"How old are you?"
"12. But I've been 12 for a long time."
"Are you a vampire?"
"I need blood to survive."
"Let Me In" is a world away from the perfectly coiffured, heart-throb, dullards of "Twilight" or "True Blood".
Where many vampire tales live in a world of fantasy and impossibility "Let Me In" is rooted in a world that we all recognise. Don't we all have moments where we too feel like we have been "...12 for a long time" and don't we all need "blood to survive"? It is that anchor in the things we all share in common that makes this film worthwhile where "Twilight" is, for all reasonable people, worthless.
12 year old Owen lives in the sort of place where people leave...nobody ever arrives. It's a non-town, a non-place. In the middle of a savage, snow soaked, winter somebody does arrive; Abbi along with her father. They take up residence in the apartment next to Owen and instead of hanging curtains and handing out cookies to their neighbours they black out the windows and lock themselves in.
Owen is a victim. His mother isn't really there; permanently shrouded in her nightgown and lost in a drunken haze she is an ethereal presence on screen and in Owens life. His father is a voice at the end of a telephone...even further removed than the mother. At school he is tormented, tortured, by an unholy trinity of bullies who inflict the most awful physical and psychological pain on him.
Slowly, surely and inevitably we learn that Abbi is not what she appears to be...but then how does that make her any different to any of us? Her "father" is, we learn, the man who at one time was a boy like Owen who has devoted his life to helping Abbi...helping her to feed, helping her to hide and helping her to survive by murdering and bleeding young people for her.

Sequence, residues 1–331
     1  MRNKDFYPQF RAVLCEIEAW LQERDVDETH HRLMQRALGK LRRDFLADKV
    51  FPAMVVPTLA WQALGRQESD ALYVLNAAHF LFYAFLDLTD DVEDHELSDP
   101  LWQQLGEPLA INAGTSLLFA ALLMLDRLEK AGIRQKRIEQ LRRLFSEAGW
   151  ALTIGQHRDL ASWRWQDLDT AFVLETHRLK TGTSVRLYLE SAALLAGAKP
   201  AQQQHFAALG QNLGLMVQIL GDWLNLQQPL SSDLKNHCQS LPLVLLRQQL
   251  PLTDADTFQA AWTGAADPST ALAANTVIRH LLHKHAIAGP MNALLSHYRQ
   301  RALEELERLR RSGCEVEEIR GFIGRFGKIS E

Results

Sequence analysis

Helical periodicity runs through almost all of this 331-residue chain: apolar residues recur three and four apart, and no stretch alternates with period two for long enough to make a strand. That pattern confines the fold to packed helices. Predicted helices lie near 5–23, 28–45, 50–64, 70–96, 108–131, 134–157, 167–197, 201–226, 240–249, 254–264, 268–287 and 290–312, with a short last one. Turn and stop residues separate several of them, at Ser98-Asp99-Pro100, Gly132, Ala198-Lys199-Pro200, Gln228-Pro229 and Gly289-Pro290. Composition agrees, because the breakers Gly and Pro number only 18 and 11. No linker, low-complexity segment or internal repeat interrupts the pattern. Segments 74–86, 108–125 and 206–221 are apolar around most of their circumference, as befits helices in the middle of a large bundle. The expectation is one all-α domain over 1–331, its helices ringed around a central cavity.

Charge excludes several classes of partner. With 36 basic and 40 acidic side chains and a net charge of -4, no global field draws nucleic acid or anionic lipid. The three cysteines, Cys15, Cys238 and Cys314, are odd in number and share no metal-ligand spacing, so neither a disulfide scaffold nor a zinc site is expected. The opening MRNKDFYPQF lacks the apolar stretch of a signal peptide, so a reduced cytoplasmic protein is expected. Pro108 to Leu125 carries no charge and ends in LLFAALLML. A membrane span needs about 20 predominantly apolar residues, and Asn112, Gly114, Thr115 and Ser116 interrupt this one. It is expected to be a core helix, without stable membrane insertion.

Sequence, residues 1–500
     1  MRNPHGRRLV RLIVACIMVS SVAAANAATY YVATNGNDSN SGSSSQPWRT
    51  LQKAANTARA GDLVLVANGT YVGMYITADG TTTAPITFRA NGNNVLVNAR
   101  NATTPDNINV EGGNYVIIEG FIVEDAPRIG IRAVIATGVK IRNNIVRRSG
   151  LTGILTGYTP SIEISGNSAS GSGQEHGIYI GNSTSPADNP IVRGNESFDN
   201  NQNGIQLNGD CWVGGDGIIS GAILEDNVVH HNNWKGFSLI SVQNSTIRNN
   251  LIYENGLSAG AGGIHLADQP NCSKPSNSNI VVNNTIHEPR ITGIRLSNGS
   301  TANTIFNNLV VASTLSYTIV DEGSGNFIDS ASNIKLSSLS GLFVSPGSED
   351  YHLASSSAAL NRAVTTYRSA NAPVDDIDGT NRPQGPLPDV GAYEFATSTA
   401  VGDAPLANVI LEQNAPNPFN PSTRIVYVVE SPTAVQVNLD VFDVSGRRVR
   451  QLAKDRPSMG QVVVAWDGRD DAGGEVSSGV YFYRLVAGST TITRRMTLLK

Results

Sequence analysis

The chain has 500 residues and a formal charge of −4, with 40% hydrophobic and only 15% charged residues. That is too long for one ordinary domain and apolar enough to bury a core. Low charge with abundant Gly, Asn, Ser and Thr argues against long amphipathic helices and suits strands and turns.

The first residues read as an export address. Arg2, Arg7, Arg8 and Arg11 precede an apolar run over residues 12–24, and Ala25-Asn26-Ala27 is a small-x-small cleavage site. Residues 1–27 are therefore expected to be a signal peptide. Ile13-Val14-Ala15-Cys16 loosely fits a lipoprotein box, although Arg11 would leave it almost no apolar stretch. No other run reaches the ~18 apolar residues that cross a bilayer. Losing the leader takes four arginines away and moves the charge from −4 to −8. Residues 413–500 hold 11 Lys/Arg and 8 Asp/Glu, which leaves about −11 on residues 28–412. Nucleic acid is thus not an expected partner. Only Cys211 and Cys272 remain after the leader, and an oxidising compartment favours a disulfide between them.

As Owen and Abbi draw closer the "father" is pushed further and further away. It is clear that he is being replaced, clear that Abbi, despite having an emotional connection with Owen, is also aware that as "father" ages his usefulness will fade and a younger, more able and more devoted assistant is needed.
"Let Me In" is the sort of intelligent, thoughtful and thought provoking film that all too rarely finds its way into the multiplex. With performances from two brilliantly gifted actors in the shape of Kodi Smit-McPhee and Chloe Moretz and a script that is faithful to both the original novel by John Ajvide Lindqvist and the original film by Tomas Alfredson "Let Me In" still manages to be, defiantly, original and evidently its own film.
There are moments of real, pure horror from both the real world (the bullying of Owen, the murders by "father") and the supernatural world of Abbi (the violent attack in the underpass) and there are also moments of heartbreaking emotion (Owens painful conversation with his father, the tender, blood soaked, embraces of Owen and Abbi) which all combine to make a film that is beautifully terrifying.